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Justifying monitors


Why is it so very, very hard to justify to management that large monitors are a good idea?
- They help me do my work
- They make me more efficient
- (IMHO) they aid retention
- (IMHO) they help recruitment

Regarding the last one - if I was interviewing at a place and saw that all the developers had dual head 21"CRT & 17" LCD, that place would go to the top of my list (not just the nice workstation, but it gives the appearance that management takes development seriously).

A 21" monitor costs less than $500. That's 3-5 hours of a developer's time, to get the benefits listed above for 3-5 YEARS. This should be a no-brainer.

Philo

Philo
Friday, April 25, 2003

Agreed 100%. Joel's test: "Do you use the best tools money can buy?" That includes high quality monitors. I don't compromise my vision for any job.

Brad Wilson (dotnetguy.techieswithcats.com)
Friday, April 25, 2003

I actually have a 21" monitor, it was given to me when I first started here more than 2 years ago. And the Dell Laptop they just gave me a few weeks ago has dual monitor support, so I guess I'm currently living in display Nirvana.

Mark
Friday, April 25, 2003

I switched from a very good 19" CRT to a dual-head 17" LCD system. Anyone who tries to make me change back is going out the window!

I find it incredibely frustrating when I have to use someone else's PC and they only have a single monitor, no matter how large. How the hell do you use two programs at the same time on a single screen? ;-)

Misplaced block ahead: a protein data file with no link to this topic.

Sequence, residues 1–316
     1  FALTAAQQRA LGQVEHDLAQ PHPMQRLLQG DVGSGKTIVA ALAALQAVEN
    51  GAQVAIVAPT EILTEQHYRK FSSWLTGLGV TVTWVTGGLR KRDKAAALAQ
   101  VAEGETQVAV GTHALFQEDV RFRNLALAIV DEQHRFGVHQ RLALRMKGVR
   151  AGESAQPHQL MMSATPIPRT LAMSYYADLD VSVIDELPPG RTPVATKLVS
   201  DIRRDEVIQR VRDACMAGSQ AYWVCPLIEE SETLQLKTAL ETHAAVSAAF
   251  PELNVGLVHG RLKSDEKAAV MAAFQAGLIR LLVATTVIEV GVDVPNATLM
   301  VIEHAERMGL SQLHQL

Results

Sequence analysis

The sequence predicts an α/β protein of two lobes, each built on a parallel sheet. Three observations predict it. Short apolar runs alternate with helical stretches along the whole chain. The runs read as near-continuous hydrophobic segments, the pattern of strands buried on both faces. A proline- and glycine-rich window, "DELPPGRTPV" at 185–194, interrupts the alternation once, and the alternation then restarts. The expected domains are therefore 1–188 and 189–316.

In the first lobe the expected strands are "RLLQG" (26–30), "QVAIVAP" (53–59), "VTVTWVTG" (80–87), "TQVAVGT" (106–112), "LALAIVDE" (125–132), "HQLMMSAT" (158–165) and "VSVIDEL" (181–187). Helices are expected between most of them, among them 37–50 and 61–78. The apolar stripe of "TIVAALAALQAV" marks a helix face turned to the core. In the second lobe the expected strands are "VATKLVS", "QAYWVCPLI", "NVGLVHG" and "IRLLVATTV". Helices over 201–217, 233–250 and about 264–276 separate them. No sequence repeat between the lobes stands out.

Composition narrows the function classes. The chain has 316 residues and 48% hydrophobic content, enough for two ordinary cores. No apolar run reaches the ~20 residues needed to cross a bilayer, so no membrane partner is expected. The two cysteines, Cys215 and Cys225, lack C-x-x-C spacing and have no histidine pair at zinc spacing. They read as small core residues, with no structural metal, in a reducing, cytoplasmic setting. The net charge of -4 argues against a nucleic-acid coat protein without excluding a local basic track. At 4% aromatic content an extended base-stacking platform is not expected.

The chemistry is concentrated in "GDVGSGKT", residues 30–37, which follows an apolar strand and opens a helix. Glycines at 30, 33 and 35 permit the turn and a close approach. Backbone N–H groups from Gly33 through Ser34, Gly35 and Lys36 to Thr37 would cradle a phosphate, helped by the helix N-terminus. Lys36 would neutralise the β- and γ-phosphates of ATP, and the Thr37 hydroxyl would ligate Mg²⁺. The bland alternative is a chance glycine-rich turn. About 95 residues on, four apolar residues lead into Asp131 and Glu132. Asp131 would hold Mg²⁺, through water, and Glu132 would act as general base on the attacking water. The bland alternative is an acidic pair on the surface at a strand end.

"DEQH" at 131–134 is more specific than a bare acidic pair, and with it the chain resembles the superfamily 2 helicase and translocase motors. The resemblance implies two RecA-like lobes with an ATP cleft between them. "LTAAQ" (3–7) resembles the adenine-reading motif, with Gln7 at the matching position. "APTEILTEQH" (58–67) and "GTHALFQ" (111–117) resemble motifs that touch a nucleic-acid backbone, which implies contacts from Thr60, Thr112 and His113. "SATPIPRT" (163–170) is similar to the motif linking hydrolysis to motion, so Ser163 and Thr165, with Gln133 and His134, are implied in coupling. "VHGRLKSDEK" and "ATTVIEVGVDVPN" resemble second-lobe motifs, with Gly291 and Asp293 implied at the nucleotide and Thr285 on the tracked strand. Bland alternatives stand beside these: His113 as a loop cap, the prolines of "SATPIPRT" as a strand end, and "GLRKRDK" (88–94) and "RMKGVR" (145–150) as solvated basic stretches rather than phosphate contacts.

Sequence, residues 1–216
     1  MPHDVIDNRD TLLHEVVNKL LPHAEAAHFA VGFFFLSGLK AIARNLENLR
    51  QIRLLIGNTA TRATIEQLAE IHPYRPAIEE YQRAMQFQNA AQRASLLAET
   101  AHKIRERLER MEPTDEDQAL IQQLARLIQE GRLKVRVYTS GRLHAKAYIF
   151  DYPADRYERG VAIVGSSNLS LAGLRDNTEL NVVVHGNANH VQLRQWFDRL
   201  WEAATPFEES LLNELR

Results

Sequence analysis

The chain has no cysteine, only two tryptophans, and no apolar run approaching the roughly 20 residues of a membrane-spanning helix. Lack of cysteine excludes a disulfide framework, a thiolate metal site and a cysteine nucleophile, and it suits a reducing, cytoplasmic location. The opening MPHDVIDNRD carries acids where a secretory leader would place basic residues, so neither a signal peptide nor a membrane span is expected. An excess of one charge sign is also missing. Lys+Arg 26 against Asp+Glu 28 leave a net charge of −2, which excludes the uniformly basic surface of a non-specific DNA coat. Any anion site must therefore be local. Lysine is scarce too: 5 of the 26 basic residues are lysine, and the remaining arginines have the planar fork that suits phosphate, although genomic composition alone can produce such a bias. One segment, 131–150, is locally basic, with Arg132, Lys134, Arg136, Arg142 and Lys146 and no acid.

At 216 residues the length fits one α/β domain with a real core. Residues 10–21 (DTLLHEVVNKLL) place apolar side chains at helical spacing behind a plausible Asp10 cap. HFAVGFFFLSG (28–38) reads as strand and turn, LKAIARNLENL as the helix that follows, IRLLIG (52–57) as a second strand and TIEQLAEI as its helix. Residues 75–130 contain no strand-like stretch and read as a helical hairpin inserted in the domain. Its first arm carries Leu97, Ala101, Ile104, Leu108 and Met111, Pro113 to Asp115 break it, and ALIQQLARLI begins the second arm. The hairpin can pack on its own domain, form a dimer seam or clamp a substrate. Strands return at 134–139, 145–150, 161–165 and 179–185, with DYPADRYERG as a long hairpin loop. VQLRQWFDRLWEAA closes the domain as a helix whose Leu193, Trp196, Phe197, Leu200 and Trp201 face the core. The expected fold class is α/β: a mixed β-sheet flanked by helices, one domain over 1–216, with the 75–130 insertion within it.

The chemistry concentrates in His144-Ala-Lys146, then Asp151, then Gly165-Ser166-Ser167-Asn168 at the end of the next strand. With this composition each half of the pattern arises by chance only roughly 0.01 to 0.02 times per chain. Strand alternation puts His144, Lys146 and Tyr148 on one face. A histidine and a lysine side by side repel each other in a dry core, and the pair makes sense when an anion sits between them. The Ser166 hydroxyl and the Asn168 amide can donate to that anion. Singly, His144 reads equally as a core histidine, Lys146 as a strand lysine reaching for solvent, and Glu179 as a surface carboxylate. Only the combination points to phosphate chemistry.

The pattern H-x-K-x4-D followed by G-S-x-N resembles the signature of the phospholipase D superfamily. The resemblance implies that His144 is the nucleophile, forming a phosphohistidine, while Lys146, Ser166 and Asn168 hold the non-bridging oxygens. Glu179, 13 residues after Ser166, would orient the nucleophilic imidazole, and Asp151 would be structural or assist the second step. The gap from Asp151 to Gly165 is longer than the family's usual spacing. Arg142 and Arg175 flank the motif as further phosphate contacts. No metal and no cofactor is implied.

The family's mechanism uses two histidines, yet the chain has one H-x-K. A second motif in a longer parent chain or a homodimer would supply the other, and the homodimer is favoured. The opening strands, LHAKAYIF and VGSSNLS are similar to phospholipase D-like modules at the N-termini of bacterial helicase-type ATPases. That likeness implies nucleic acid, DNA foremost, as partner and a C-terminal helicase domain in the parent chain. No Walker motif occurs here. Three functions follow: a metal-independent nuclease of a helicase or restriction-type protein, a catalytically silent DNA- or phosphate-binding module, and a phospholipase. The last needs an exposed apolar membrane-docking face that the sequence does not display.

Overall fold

SteveM
Friday, April 25, 2003

Here's how to justify it.
LCD monitors last 7 years, easily.
A second 1280x1024 LCD monitor is about $500.
That's $71 a year or $0.20/day.

A roll of charmin toilet paper is about $0.75. If you go to the bathroom once a day, and here I'm making some assumptions, you consume about 1/3rd a roll of toilet paper, for a cost of about $0.25 a day.

So you are literally asking them to spend less on this second monitor than they spend on your toilet paper.

Joel Spolsky
Friday, April 25, 2003

Dunno how to justify it (except using Joels method), however we have matrox Dual head cards because they're the only ones that give Win2K/XP TWO video cards in setup. This is important as some of the other video cards treat the screen as one big (but wide e.g. 2048x768) system. This means you can't have different resolutions. Here I have a little 15" LCD running at 1024x768 plus a 21" monitor running at 1280x1024. (the resolution actually matches quite well)

The other advantage is that dialog boxes pop up in the middle of the screen rather than half way between the two monitors. Several of the card vendors ship programs which are supposed to fix this problem but none of them actually did (or were very buggy)

Note I did most of the research on this during the WinXP beta program with the ATI dual head card so this may have changed by now.

Checking the matrox website reveals that the G550 Dual head is still available but the different resolution stuff is broken on the Dual DVI version in DVI mode.

Peter Ibbotson
Friday, April 25, 2003

Don't forget power savings and time saved during reorgs.  I've seen references to studies (yikes, 3rd generation knowledge) stating that over 5+ years LCD panels pay for themselves over similarly sized CRTs.

Lou
Friday, April 25, 2003

The irritating thing is that you can probably get a new processor and motherboard, even if all you do is word processing or data entry, because that does not sound like luxury, but two monitors - no way.

Do a time and motion study showing how much time is wasted opening and closing windows. Throw in some made-up figures about increased chance of RSI as well and you may suceed.